Stage races MTB Himalaya, and its little brother MTB Shimla are set in spectacular spots, each attract solid international participation and offer serious challenges in terms of vertical gain and elevation. Around Delhi in 2017, recreational and sportive events were flourishing, even if they did come with some growing pains.*
At every street or MTB race that Gautam organised, new faces appeared, eager for the opportunity to race and learn about a sport that remains novel, but is increasingly accessible to the digitally savvy Indian middle class. And this is what I think will propel Indian cycling further and faster: its appeal as a tech-driven sport, in a tech-mad country.
Remember Gaurav who I mentioned earlier? Gaurav couldn’t understand my desire to ride without a power meter, any more than I could comprehend his desperation for one. He’s studying to become a specialist electrical engineer. Initially he told me his academic and sporting pursuits were separate, but when I asked if he saw a link between them, he agreed that it tapped a professional curiosity which Indians are renowned for.
“Since I deal with the application of science on a daily basis, I also enjoy dabbling with the science of training on the bike, and the related technology,” he told me in a WhatsApp message.
I was initially surprised by this data-fixation, but I do think its worth tapping into as a way of fostering interest, and all-important family acceptance for younger riders. In a culture where academic success is prioritised above all else, demonstrating some educational value could make all the difference.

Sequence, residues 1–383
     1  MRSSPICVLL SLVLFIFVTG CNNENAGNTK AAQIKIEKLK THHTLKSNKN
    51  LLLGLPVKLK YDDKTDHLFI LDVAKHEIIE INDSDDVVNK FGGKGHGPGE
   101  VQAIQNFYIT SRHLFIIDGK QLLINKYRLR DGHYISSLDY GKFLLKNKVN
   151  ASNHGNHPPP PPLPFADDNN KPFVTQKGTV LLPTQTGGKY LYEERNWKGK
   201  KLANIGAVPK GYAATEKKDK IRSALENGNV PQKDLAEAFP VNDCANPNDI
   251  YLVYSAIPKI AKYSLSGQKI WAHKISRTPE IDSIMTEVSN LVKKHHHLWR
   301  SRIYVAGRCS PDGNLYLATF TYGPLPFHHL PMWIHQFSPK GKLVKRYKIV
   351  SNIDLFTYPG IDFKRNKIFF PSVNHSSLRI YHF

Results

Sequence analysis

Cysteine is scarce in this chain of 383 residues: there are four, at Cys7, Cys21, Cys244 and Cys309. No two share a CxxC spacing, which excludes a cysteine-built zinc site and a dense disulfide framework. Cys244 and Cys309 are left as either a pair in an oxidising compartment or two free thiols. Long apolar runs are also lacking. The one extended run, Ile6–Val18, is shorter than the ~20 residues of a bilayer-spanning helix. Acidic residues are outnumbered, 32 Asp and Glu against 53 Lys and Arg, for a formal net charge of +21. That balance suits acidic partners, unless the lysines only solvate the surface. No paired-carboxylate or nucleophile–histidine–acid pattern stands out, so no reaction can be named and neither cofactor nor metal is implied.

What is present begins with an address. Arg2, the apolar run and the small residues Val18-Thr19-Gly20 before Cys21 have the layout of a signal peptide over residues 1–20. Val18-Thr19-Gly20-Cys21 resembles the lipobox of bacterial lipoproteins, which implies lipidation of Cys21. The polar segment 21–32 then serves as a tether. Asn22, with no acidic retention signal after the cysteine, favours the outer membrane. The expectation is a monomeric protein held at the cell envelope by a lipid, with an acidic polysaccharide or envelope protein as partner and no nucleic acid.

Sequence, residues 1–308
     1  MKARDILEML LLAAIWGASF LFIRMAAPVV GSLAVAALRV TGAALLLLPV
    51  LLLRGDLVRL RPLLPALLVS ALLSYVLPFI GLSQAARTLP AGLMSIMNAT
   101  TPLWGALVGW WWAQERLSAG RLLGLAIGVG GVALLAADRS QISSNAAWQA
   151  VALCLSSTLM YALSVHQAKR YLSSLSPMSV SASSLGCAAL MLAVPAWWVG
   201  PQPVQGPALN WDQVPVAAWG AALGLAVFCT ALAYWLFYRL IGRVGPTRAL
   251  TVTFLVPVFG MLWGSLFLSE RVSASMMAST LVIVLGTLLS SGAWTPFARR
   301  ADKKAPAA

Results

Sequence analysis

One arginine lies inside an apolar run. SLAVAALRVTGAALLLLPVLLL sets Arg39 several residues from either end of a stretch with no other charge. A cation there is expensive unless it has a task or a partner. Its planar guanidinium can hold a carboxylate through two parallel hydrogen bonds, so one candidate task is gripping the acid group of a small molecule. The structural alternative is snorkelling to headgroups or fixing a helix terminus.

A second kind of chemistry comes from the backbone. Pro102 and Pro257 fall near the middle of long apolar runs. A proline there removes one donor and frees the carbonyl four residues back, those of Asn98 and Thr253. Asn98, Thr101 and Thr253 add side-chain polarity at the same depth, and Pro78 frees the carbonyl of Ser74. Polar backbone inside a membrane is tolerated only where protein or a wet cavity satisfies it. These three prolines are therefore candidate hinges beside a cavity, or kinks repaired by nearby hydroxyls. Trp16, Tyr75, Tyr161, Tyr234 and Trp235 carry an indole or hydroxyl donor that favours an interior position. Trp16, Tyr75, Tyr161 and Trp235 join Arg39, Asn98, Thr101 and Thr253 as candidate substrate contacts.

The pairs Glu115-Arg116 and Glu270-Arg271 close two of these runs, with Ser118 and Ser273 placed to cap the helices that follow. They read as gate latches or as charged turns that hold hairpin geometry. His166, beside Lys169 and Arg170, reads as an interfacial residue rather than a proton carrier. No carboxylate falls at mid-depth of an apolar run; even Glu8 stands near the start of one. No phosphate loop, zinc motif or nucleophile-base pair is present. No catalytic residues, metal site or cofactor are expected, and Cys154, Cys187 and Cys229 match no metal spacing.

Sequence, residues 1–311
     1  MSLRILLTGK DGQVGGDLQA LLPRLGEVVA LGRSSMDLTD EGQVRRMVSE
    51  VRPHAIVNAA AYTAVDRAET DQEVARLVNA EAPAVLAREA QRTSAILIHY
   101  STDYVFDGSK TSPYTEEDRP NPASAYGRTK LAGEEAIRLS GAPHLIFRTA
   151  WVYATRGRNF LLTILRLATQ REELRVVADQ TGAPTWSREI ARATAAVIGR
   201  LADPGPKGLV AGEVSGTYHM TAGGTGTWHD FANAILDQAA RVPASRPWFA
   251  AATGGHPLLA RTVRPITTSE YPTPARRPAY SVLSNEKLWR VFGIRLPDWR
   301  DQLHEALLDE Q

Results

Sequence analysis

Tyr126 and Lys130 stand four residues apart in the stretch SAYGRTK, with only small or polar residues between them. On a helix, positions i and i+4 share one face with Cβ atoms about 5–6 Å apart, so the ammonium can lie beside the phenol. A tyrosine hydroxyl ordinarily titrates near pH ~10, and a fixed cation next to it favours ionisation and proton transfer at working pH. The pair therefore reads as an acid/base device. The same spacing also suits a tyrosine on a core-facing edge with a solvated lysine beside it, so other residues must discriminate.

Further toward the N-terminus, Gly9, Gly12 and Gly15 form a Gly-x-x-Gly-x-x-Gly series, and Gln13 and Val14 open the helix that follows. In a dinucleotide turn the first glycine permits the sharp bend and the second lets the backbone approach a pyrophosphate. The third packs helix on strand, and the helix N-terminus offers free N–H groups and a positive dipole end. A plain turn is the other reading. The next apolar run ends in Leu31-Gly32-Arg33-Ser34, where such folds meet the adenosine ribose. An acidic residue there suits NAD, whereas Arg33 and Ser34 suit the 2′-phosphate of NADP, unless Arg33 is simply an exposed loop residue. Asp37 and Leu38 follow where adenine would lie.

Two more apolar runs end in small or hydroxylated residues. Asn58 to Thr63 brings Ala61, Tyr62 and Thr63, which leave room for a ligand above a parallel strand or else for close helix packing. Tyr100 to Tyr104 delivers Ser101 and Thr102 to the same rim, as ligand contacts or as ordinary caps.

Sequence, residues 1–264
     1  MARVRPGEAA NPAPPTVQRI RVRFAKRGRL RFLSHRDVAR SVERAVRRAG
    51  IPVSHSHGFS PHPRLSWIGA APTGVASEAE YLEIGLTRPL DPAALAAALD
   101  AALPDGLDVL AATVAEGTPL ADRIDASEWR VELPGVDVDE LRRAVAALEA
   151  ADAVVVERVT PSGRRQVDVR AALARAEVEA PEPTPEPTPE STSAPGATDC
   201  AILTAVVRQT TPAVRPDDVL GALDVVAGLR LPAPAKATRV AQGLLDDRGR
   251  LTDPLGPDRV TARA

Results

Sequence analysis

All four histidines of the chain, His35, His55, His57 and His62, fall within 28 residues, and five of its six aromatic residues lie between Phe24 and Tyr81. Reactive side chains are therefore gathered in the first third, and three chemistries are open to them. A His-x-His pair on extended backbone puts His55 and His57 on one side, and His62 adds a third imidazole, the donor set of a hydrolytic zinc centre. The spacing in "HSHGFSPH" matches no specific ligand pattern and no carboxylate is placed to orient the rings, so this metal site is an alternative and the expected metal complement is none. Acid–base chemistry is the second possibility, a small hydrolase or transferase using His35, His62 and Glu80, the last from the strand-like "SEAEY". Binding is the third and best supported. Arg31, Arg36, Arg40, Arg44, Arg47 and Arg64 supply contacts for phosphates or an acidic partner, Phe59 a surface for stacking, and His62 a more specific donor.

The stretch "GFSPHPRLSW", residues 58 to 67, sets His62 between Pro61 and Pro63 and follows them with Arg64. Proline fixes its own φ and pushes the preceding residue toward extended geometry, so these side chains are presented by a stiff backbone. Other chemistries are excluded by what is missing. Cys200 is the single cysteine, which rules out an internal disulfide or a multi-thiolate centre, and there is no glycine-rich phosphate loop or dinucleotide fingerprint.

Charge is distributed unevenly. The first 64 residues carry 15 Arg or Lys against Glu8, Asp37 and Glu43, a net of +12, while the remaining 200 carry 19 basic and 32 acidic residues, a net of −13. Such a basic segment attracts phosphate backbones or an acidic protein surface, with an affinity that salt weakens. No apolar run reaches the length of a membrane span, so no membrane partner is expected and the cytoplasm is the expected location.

For those less excited by the melding of sport and technology, India’s nascent digitisation means anyone even mildly curious can now see and experience the sport in their home country. Check out this video (also featuring Naveen John) of the Kaladhungi epic race, held last month in the ‘lower’ Himalayas. The world’s biggest mountain range has plenty to offer the adventurous cyclist.
You want to climb? Put the Manali-Leh highway on your to-ride list.
A mixture of tarmac, broken pavement, gravel and mud, this 500km ‘highway’ through the Himalayas crosses some of the highest passes in the world. It culminates on Khardung-Lah pass outside Leh. This brute of high-altitude gravel suffering starts at 3,500 metres and rises to an ear-popping 5,349m over 37km.
My father and I rode and camped the route last year, and the experience was worth all the agony of being cooped up in Delhi. It took us eight days, across which my Garmin tallied 13,449 vertical metres. I’ve never ridden anything else like it.
Which pretty much sums up riding in India.
About the author
James Bennett is a cycling mad video-journalist who has covered everything from sheep shearing to several Tours de France. He recently completed a posting to India as ABC Australia’s South Asia correspondent, and can currently be found riding up and down San Francisco’s hills. He’s on Twitter: @James_L_Bennett.